By MARY ESCH, Associated Press Writer
POSTED: December 15, 2009
ALBANY - The first inmates moved Tuesday into a new state prison unit for disruptive mentally ill prisoners that was created in response to a lawsuit filed by an advocacy group in 2002.
The 100-bed Residential Mental Health Unit at Marcy Correctional Facility in Oneida County was designed by the state corrections and mental health agencies under the terms of a 2007 settlement with Disability Advocates.
The nonprofit group sued to improve treatment of mentally ill prisoners and to stop putting inmates with serious mental illness and disciplinary issues in solitary confinement.
Inmates in the new unit will receive more mental health care, therapeutic programming and exercise.
Of the 58,690 inmates in New York state prisons, 7,844 are diagnosed with mental illness, including 2,359 with serious mental illness, said Erik Kriss, spokesman for the Department of Correctional Services.
Inmates designated as seriously mentally ill are those with schizophrenia, delusional disorder, psychotic disorder, major depression and bipolar disorder. The designation also includes suicidal inmates and those driven by psychosis or depression to harm themselves.
About 200 of those with serious mental illness have confinement sanctions for disciplinary violations, Kriss said. Traditionally, such inmates are moved to an S-block, a special housing unit with lockdown cells that reduce the need for security personnel.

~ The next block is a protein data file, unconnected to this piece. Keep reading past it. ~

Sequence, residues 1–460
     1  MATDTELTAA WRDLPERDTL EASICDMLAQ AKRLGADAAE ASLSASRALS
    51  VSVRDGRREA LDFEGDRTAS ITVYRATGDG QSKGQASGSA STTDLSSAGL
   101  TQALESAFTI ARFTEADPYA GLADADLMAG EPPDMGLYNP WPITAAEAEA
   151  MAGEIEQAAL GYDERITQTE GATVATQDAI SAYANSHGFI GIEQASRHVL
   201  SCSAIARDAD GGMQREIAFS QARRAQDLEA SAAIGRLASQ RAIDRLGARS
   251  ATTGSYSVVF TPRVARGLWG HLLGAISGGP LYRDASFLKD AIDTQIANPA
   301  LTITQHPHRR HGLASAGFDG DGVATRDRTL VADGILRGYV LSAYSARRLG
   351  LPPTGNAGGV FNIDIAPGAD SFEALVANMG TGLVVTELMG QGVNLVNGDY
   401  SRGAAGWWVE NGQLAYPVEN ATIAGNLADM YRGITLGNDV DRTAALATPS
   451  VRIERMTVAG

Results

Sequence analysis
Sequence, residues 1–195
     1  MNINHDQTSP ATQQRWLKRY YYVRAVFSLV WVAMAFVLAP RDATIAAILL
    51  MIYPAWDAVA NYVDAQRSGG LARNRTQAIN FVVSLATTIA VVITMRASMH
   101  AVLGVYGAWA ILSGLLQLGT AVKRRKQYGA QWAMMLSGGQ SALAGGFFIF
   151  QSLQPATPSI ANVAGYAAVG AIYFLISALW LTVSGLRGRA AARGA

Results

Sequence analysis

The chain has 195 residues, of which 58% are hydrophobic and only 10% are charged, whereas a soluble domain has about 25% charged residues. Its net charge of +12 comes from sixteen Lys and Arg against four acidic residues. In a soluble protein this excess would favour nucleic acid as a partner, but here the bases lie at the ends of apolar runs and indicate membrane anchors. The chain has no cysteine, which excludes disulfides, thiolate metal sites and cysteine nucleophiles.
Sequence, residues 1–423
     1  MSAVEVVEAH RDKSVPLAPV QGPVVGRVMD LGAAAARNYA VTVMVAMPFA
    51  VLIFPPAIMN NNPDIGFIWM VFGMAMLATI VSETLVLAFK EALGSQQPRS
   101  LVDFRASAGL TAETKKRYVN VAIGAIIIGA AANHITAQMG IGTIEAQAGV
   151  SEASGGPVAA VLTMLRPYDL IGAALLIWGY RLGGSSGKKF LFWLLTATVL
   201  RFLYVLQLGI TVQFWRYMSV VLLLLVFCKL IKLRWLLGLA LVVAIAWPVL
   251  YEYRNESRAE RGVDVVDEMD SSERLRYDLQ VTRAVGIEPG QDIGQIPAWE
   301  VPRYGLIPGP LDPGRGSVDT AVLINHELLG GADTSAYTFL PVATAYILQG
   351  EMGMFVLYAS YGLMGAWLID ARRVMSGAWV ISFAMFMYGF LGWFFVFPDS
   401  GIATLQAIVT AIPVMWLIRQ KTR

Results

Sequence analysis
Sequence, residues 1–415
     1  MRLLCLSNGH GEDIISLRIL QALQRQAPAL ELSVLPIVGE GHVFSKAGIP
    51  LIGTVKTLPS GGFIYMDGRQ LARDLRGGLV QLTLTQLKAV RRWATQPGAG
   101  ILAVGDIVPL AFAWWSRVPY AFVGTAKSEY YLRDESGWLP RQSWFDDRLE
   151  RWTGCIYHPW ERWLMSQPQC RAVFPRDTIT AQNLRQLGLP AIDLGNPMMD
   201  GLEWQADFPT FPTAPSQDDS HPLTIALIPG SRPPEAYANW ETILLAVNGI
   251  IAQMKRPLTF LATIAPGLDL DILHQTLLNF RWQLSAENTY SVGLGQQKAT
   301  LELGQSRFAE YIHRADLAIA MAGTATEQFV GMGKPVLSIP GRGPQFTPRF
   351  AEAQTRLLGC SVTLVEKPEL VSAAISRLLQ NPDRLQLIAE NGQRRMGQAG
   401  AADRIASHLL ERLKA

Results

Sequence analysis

The Disability Advocates lawsuit claimed that prisoners with mental illness throughout New York did not get adequate mental health treatment, and as a result, many of them were being punished with long sentences of solitary confinement, severe restrictions on property and visits, and no access to out-of-cell programming.
The lawsuit said isolation and idleness led to severe psychiatric deterioration in these isolation units, including acts of self-mutilation and even suicide.
The new mental health unit at Marcy has about 100 corrections employees and 26 Office of Mental Health employees, compared with 38 employees when it was an S-block, Kriss said.
Kriss said inmates in the new unit have constant access to both prison and mental health staff. Each inmate has at least four hours daily of programming and therapy.
''No other prison system to our knowledge affords the inmate patients the amount of time of out-of-cell programming and therapy, including group therapy and group interaction, as the RMHU,'' Kriss said.